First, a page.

IT DEPARTMENT SENDS FRIENDLY HEADS UPS
IT DEPARTMENT SENDS FRIENDLY HEADS UPS The Income tax department, quite naturally, has always had issues with the tax non-compliance or tax evasion by corporate entities. In recent times, the revenue department has been facing a deficit in its expected level of growth in the collection of service tax.
It has recently come up in the media that as part of the central government’s desire to have a non-adversarial tax regime, which would be more pro-investor, the IT department has adopted a ‘friendlier’ approach to alert the aggregators of their liability. The department had identified the aggregators like Food Panda, Oyo Rooms and Airbnb to ascertain if these entities were registered with the department and were paying the taxes as required.
The requirement arose because most entities had registered themselves with the IT department, but had sought further clarifications on the procedures and provisions dealing with this particular new area of tax incidence. It was further clarified by a department official that the profiling is being done with the aim to help service tax audit and scrutiny of returns.
The finance ministry has in its budget for 2015-16 made a change in the service tax provisions to cover ‘aggregator’ under the service tax net. The service tax rules, 1994, had defined the term ‘aggregator’ as a person, who owns and manages a web-based software application and a communication device, enabling a potential customer to connect with persons providing service of a particular kind under the brand name or trade name of the aggregator. In addition, a corresponding change was made in the meaning of the term ‘person liable to pay service tax’ in the service tax rules, 1994 to include the term ‘aggregator’. According to Service Tax (Amendment) Rules, 2015 vide Notification No. 5/2015-ST dated 01/03/2015, under rule 2(1) (d) (i) (AAA), aggregator shall be the person liable to pay Service Tax in relation to services involving an aggregator. LIABILITIES OF COMPANY DIRECTORS
The rule 2(1) (d) (i) (AAA) of the Service Tax (Amendment) Rules, 2015 reads as under –
“(AAA)- in relation to service provided or agreed to be provided by a person involving an aggregator in any manner, the aggregator of the service:
• Provided that if the aggregator does not have a physical presence in the taxable territory, any person representing the aggregator for any purpose in the taxable territory shall be liable for paying service tax;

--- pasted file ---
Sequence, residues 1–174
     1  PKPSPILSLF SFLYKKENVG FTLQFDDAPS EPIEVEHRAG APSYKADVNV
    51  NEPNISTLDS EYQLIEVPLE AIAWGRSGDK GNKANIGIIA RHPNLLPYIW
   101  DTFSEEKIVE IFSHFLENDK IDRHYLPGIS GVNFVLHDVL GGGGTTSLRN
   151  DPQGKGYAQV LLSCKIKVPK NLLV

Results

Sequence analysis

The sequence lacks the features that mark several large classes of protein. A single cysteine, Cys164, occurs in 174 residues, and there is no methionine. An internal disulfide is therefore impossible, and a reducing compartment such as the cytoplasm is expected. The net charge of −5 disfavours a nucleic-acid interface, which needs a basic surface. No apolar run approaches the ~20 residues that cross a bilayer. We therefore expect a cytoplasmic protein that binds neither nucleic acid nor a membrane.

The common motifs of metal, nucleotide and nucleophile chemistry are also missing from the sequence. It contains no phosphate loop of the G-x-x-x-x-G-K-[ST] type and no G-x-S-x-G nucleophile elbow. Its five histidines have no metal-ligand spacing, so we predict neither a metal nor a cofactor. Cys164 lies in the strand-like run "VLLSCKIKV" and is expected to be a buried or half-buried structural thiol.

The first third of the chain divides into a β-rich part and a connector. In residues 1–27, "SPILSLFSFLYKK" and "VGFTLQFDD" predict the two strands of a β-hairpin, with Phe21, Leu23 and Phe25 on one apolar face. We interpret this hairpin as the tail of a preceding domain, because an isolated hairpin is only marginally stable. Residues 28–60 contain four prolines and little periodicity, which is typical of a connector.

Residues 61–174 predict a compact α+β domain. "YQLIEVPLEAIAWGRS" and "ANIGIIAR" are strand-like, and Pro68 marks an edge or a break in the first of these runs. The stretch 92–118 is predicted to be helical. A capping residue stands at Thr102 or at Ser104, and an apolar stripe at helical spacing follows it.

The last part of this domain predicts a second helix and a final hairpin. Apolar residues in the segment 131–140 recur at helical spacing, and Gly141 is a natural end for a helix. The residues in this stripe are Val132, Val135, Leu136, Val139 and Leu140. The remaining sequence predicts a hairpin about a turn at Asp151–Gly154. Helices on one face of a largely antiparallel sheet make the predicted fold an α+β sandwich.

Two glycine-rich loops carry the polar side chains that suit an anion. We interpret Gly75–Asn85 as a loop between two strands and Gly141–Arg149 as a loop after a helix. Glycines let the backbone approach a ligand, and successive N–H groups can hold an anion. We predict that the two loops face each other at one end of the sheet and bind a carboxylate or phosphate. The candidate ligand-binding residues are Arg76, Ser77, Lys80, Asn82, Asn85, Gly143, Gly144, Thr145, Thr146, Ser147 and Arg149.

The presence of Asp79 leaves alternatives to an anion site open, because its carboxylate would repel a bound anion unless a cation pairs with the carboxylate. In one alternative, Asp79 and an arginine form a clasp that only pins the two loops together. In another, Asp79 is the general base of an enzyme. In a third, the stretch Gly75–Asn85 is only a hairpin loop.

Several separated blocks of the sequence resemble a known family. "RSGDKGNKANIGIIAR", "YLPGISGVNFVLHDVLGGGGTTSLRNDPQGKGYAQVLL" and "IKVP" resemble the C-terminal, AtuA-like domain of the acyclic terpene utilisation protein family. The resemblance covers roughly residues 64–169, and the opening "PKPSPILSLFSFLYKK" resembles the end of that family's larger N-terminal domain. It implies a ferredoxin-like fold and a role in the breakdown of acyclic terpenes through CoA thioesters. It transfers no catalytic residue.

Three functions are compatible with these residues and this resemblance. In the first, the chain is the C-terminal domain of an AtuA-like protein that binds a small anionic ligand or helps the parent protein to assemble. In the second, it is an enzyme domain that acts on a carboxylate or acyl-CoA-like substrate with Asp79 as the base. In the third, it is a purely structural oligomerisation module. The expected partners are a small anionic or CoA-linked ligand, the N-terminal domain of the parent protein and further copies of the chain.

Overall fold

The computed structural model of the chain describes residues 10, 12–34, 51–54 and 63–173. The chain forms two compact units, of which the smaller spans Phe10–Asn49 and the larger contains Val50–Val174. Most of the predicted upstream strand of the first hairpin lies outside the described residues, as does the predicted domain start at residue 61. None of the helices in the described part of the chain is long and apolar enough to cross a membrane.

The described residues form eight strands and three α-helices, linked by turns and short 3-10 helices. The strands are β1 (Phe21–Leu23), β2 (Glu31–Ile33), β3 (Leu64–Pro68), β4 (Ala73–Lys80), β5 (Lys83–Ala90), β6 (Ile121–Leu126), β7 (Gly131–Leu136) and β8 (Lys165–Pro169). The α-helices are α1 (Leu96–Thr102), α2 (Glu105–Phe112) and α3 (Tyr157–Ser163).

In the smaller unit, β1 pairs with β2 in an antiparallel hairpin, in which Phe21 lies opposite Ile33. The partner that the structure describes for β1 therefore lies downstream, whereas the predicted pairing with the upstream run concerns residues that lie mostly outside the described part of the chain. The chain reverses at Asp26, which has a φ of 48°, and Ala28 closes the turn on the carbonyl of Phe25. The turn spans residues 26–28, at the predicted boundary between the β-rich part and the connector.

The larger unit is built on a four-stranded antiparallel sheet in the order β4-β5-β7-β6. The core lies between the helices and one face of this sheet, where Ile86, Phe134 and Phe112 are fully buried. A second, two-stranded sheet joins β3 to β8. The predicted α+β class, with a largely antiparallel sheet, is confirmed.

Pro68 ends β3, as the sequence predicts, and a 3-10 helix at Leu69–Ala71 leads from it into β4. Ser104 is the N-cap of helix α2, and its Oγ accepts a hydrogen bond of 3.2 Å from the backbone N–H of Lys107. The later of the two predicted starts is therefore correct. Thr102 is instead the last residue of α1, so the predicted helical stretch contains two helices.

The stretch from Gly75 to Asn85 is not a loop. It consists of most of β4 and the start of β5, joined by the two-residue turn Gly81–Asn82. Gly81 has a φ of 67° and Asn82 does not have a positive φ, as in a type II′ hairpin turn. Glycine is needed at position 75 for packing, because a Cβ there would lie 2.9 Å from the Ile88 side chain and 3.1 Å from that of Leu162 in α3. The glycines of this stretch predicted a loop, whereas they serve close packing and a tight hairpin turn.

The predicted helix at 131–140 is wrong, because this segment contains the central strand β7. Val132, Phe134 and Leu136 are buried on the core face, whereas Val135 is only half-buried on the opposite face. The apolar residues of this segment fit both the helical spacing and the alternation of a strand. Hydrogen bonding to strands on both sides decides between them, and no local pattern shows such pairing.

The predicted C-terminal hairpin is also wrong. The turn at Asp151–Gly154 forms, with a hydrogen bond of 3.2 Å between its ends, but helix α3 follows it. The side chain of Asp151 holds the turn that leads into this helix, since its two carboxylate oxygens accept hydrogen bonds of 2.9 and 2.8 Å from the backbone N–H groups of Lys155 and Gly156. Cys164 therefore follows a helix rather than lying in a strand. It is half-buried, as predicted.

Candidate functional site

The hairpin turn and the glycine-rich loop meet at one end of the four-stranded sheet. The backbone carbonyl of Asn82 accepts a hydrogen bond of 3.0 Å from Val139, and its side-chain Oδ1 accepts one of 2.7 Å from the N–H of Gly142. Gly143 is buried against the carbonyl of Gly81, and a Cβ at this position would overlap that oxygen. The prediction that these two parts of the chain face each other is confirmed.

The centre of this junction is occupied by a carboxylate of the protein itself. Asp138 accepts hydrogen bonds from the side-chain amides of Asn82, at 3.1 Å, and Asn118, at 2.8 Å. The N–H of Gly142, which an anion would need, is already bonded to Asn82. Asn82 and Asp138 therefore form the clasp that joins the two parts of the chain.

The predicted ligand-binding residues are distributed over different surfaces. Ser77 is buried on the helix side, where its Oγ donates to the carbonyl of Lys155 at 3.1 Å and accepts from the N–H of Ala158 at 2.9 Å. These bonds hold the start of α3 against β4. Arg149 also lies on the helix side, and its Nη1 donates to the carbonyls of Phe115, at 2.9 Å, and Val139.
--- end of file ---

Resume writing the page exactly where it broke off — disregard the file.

• Provided further that if the aggregator does not have a physical presence or does not have a representative for any purpose in the taxable territory, the aggregator shall appoint a person in the taxable territory for the purpose of paying service tax and such person shall be liable for paying service tax.”
Perhaps, the reason behind the inclusion of ‘aggregators’ within the ambit of the tax regime is that these are web-based service providers who provide services without actually being present and functioning through a representative. Either these web-based service providers did not pay service tax on any activity undertaken by them in India because the service provider who actually provides the service to the customer is liable or the service itself is exempt.
The task can be challenging in the times when the economy is rapidly expanding offering vast potential for tax revenue mainly because in some cases there is no brick and mortar presence of these firms.
The taxation of technology-based businesses has emerged as a significant challenge for policymakers worldwide. The organization for economic co-operation and development (OECD) has been actively deliberating the issue in the recent times to work out a plan to tackle taxation in the e-commerce space that will go a long way in helping countries in its proper implementation.